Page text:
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Dramm: The Stroke That Kills; Beglarian, Curran, Fiday, Matamoros, Johnson / Seth Josel


Release Date: 12/09/2008 
Label:  New World Records   Catalog #: 80661-2   Spars Code: n/a 
Composer:  Eve BeglarianAlvin CurranMichael FidayDavid Dramm,   ... 
Performer:  Seth Josel
Number of Discs: 1 
Recorded in: Stereo 
Length: 1 Hours 2 Mins. 

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Notes and Editorial Reviews



THE STROKE THAT KILLS Seth Josel (gtr) NEW WORLD 80661 (61:14)


BEGLARIAN Until It Blazes. CURRAN Strum City I, II, III. FIDAY Slapback. DRAMM The Stroke that Kills. MATAMOROS Stoned Guitar/TIG Welder. Read more class="COMPOSER12">JOHNSON Canon for 6 Guitars


Since its invention in the 1930s, the electric guitar has played an essential role in both jazz and popular music. In recent years, it’s also attracted classical composers—especially the younger ones—who relish its rock-and-roll associations, at the same time using it to express ideas about sound and the evolution of new forms of music. Although some composers have written for the electric guitar in stimulating and musically attractive ways—I’m thinking particularly of Steve Mackey; there are others who delight in excessive volume and irritating timbres. I was consequently a bit apprehensive about listening to this CD, and sure enough, some of these pieces can be hard to take, battering the listener with crushing repetition and grungy, gritty guitar tone. I’m not a heavy-metal fan and don’t like noise or electronic feedback, and while I’ve sometimes achieved a Cageian appreciation of ambient sounds, I’m not willing to accept every aural artifact as musical. However, even when I disliked the timbres or the composers’ fixations, the pieces left a strong impression, and in retrospect I wondered if less truculent sounds would have been as effective.


Beglarian’s Until It Blazes is a deceptive opener, as it’s an easy-on-the ears duet for guitar and stereo delay. Such electronic gizmos allow instrumentalists to build layers of phrases that would otherwise be impossible to perform in real time. In Until It Blazes , the performer chooses where to accent the line, with different decisions supposedly creating new melodies; in theory, each performance brings forth a new piece. The music’s concentration on pattern, repetition, and subtle variation shows a minimalist influence. True to its name, Curran’s Strum City I, II, III is an essay on strumming, with each movement varying the speed with which a strum’s component tones are played. Strum City I is energetic, rapidly piling on successive layers of chords. Some late-appearing bass lines somehow soften the texture, and the piece acquires a shimmering, hypnotic quality that could be absorbing if you’re in the right frame of mind, stressful if you’re not. Strum City II and III slow the tempo and allow the individual tones to bloom in a spare, meditative way; the simple concept brings forth surprisingly beautiful music. Fiday’s Slapback is a raucous, rhythmically complex, blues-inflected piece. It’s probably fun to see performed. At around five minutes, the sound becomes more “normal” and delicate by comparison, if still obsessive. The piece vehemently concludes in a furious assault tempered with bluesy solos. Dramm’s The Stroke that Kills takes explosive flamenco strumming to another level; a few lighter-plucked episodes notwithstanding, I’m not enough of a masochist to find the pounding pleasurable. Interesting as an idea, but the reality is numbing. Matamoros’s Stoned Guitar/TIG Welder (a piece with two simultaneously played parts) is a spacey composition in which unusual, oscillating sounds float through the ether. Partially named for the TIG Welder (an external electronics device), the piece combines pre-recorded sounds with Stoned Guitar to create, in note writer Alan Tormey’s words, “a true collaborative relationship with the performer.” The score is not conventionally notated but instead consists of the following instructions: “With a stone, trace the strings of the guitar slowly from bridge to nut.” The amplified scraping and sliding generates a futuristic sound suited to astral voyages. Johnson’s Canon for Six Guitars follows a hesitant, stuttering trajectory. It has a machine-made quality, as if written by a canonically infatuated computer. At least its moderate length (4:56) doesn’t overly try one’s patience, and the timbre, while hardly soothing, is not too distorted. The piece projects a slightly demented charm at odds with its rigorous construction.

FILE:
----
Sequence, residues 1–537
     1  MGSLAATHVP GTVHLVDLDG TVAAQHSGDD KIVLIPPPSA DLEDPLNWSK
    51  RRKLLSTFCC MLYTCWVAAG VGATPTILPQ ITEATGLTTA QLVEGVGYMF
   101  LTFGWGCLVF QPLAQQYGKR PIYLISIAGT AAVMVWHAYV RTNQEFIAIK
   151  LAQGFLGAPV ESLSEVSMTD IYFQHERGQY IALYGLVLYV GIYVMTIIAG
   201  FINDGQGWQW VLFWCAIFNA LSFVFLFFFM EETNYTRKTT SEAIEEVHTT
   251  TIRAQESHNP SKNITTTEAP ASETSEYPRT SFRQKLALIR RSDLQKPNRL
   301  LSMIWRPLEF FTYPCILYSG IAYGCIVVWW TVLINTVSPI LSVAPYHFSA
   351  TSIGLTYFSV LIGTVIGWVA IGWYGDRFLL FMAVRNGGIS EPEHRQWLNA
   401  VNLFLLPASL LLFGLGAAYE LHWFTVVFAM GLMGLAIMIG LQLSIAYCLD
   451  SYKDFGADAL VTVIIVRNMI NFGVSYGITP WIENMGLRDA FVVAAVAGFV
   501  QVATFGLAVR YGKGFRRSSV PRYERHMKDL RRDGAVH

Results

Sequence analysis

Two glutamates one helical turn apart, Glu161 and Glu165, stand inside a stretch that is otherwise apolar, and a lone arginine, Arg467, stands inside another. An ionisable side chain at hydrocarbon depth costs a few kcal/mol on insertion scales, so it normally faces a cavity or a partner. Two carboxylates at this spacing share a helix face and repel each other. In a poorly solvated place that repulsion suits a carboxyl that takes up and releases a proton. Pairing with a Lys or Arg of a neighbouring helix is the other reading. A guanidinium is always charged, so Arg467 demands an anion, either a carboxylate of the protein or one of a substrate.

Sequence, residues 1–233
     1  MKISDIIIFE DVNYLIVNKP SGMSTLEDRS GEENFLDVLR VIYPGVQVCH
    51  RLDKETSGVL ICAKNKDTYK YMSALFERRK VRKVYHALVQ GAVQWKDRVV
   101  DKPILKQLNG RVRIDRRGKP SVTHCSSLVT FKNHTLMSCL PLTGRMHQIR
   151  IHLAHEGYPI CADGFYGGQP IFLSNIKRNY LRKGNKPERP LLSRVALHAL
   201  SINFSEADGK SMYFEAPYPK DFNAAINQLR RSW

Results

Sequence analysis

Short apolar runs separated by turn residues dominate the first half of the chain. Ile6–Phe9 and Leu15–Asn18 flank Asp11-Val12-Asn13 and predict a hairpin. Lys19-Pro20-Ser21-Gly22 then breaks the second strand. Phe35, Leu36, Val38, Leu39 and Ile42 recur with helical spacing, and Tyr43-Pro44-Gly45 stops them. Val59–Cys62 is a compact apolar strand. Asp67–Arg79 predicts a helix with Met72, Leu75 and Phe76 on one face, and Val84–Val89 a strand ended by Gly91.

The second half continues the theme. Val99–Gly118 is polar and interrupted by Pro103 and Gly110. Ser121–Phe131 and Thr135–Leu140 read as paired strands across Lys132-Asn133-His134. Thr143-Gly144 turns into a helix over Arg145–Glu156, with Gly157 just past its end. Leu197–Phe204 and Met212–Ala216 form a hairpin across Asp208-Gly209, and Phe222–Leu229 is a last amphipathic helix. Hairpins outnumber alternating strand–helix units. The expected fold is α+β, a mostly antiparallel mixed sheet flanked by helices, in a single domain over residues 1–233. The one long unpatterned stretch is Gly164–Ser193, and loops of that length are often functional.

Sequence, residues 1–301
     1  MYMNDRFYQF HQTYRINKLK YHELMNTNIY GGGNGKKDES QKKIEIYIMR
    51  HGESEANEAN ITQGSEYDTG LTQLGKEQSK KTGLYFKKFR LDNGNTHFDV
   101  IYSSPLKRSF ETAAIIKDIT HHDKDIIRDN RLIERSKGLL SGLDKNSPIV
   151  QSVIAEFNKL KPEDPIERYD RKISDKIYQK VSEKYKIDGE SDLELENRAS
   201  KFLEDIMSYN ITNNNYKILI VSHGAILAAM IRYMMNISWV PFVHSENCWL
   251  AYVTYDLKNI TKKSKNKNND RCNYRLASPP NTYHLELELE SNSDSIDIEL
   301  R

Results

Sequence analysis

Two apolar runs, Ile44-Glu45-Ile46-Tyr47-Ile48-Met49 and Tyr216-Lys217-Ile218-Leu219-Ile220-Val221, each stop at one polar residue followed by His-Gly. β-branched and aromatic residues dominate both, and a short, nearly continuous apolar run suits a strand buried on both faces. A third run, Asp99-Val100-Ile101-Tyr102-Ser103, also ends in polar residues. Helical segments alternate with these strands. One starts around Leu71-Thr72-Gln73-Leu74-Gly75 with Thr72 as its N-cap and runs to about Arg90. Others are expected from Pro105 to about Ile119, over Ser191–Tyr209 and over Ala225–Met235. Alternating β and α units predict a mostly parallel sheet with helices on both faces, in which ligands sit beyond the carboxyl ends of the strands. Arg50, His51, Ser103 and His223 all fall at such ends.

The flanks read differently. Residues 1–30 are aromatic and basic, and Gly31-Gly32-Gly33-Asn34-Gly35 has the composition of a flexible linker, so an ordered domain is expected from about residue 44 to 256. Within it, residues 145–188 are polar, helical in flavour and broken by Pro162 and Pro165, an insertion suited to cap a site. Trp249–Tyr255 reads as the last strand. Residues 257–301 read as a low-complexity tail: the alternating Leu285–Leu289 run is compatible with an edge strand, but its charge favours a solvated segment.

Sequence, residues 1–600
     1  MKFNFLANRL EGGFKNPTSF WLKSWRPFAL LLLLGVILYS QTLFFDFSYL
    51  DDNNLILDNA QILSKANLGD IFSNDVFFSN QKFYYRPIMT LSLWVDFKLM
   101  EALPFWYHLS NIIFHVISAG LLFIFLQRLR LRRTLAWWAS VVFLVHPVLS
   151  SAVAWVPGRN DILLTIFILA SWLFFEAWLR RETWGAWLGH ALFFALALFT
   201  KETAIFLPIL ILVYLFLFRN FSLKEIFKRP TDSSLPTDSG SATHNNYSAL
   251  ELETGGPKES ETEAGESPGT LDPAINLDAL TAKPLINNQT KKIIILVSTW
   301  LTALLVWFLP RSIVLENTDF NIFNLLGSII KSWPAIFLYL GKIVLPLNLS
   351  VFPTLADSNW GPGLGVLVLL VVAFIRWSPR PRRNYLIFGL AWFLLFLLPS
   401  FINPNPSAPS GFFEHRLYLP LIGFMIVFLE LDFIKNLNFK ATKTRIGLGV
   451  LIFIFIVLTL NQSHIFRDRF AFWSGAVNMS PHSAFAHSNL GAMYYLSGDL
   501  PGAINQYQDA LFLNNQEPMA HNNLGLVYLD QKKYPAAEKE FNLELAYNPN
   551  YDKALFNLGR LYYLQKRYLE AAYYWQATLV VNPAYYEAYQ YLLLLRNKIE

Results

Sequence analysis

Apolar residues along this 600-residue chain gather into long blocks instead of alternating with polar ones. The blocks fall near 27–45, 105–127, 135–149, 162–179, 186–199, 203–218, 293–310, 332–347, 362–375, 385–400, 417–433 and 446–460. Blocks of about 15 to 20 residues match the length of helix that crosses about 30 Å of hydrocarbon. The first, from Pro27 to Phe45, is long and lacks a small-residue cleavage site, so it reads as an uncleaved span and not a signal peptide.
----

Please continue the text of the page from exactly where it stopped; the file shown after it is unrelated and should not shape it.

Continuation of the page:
Seth Josel is completely at home in this alternate guitar universe, as sensitive to its lyrical moments as he is to its aggressive qualities. If you’re tempted to explore the growing repertoire for electric guitar and you’re not put off by my reservations about rough timbres or occasionally punishing volume, then this is a CD worth your hearing.


FANFARE: Robert Schulslaper
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Works on This Recording

1. Until it blazes by Eve Beglarian
Performer:  Seth Josel (Electric 6-Str. Gtr.)
2. Strum City by Alvin Curran
Performer:  Seth Josel (Electric 6-Str. Gtr.)
Period: 20th Century 
3. Slapback by Michael Fiday
Performer:  Seth Josel (Electric 6-Str. Gtr.)
4. The stroke that kills by David Dramm
Performer:  Seth Josel (Electric 6-Str. Gtr.)
5. Stoned guitar/TIG welder by Gustavo Matamoros
Performer:  Seth Josel (Electric 6-Str. Gtr.)
Period: 20th Century 
6. Canon for 6 Guitars by Tom Johnson
Performer:  Seth Josel (Electric 6-Str. Gtr.)
Period: 20th Century 

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